The British had prepared for such an eventuality by improving the defence lines. However, the water supply was a potential weakness. Despite being bombed by the RAF, Khan's artillery outranged that of the British and was causing considerable damage, and he started to push the defences in towards the water supply. At the same time, the skirmishes on the frontiers increased in intensity, particularly around Peiwar Kotal, Kharlarchi and Lakka Tiga.

Meanwhile, at Kohat, Brigadier General Dyer (the same man who’d ordered the aforementioned massacre in India) assembled a column of infantry, guns, machine guns and a few lorries for the relief of Thal. Dyer marched with his men on May 31 and successfully relieved Thal the following day (lorries aside, most men went on foot.)

In early June, he drove Khan back into Afghanistan. Gregory Fremont-Barnes quotes Dyer’s biographer in his book ‘The Anglo-Afghan Wars’, giving a glimpse into what the fighting conditions must have been like. In many ways, they were much the same as they are today:

“At Togh, the General addressed his troops, exhorting them to make a great effort to rescue their comrades at Thal. His words touched the hearts of that strangely assorted force of veterans and war levies, Punjabi peasants and London men of business so that they marched to the last of their strength, some of them dropped in their tracks. At four o’clock in the morning on 31 May they set out along a fairly open valley between steep hills. There was no wind and but little water, and as the day advanced the stony hillsides became a furnace, the naked rocks throwing back the sun so that it seemed to strike from the ground as from the sky.”

Source - Action At Badama Post: The Third Afghan War, 1919 By Paul Macro.
 

ghazi52

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Peshawar Valley Field Force advancing through the Khyber Pass, 1878-9 (c).

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Photograph of troops from the Peshawar Valley Field Force advancing through the Khyber Pass, using a road built by Colonel Mackeson during the First Anglo-Afghan War (1839-42). A large group of soldiers, wearing uniform and carrying guns, are standing and sitting along a road built into the rocky mountainside.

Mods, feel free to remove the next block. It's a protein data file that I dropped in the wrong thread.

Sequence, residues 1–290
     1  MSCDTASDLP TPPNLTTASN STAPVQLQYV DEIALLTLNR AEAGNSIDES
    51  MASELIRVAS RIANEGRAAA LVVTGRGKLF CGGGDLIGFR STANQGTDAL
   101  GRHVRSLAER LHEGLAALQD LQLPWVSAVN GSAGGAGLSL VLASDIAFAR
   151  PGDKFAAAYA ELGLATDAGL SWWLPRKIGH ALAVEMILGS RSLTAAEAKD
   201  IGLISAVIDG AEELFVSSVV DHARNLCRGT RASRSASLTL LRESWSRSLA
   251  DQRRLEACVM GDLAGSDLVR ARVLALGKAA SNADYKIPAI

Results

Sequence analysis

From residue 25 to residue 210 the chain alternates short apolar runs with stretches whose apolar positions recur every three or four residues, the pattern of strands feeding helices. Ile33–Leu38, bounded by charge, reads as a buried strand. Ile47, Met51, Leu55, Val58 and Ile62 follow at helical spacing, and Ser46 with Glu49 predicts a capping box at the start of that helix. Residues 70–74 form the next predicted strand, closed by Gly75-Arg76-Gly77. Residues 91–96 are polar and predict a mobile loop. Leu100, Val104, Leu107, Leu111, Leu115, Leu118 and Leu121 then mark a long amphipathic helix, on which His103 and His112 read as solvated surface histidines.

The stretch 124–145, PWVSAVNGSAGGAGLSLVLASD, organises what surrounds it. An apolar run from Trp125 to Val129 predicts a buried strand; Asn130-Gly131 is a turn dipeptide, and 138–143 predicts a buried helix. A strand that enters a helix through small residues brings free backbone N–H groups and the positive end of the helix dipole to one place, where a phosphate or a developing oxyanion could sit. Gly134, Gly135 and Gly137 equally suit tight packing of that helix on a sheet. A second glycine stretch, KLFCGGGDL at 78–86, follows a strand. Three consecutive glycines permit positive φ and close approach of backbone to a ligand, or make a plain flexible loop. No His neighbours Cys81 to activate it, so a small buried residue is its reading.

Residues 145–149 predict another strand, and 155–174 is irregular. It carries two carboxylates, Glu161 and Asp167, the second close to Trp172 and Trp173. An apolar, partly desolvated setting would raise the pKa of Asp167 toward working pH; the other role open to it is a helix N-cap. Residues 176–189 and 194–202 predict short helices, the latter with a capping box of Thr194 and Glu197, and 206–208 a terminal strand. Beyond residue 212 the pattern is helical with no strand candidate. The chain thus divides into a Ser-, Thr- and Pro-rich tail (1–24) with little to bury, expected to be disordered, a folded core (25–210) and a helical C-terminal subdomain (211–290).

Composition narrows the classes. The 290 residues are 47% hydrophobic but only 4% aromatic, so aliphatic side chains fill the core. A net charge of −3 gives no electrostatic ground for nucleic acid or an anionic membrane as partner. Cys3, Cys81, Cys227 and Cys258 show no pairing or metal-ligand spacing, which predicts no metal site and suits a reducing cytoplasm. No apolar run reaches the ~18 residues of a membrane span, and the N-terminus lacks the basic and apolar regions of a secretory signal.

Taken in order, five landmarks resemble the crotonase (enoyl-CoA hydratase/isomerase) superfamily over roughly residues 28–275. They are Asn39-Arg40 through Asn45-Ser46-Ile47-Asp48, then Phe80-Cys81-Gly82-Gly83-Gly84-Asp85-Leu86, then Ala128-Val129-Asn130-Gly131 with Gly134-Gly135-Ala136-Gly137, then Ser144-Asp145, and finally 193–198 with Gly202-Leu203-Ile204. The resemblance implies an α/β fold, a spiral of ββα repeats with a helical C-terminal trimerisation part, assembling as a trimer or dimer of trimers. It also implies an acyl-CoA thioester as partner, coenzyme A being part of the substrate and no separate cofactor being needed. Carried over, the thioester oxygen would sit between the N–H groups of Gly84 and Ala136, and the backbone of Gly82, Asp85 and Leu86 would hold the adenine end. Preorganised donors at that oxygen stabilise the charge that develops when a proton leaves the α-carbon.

ghazi52

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The Afghan Mission in Kabul, 1915-16 (c).

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From left to right the photograph shows Kâzım Orbay, Werner von Hentig, Walter Röhr, Mahendra Pratap, Kurt Wagner, Oskar Niedermayer, Günther Voigt and Maulavi Barkatullah.

The Afghan Mission was a collective of Indian, German and Ottoman military and diplomatic personnel sent to Kabul to try to convince Emir Habibullah of Afghanistan to join the Central Powers and rise up in a Jihad against the British in India.

The Indian nationalists hoped this would lead to a free and independent India while the German and Ottoman plan was to disrupt British and Russian interests in the area enough to force them to withdraw troops from other fronts.

The mission travelled overland on a gruelling and perilous march through Persia to Afghanistan splitting into small groups at times to avoid British and Russian patrols. Those that made it finally reached reached Kabul on 2nd October 1915.

They ultimately failed to convince the Emir (who was cleverly accepting bribes from both sides while remaining neutral) to join the war and the Germans left Kabul via different routes in May 1916. The Indian nationalists remained to set up a Provisional Indian Government in exile which was disbanded in 1918.

© Stiftung Bibliotheca Afghanica
 

Arsalan345

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View attachment 693537





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The Wakhan Corridor is a narrow strip of territory in Afghanistan, extending to China and separating Tajikistan from Pakistan Chitral and Gilgit

Pakistan ( Karakoram Highway ) Tajikistan ( Pamir Highway ) link by Wakhan Corridor from Lowari Tunnel is possible ?

Chitral-Ishkashim-Dushanbe Route 135 km is shortest route for Pakistan and Tajikistan...



View attachment 693540
View attachment 693541
we should annex it. This is so important for us for many reasons.
 

Arsalan345

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i think for wasting our useless time on this afghan war, we should be gifted parts of afghanistan but nobody will give us anything. be brave and annex. nobody will intervene. just do it.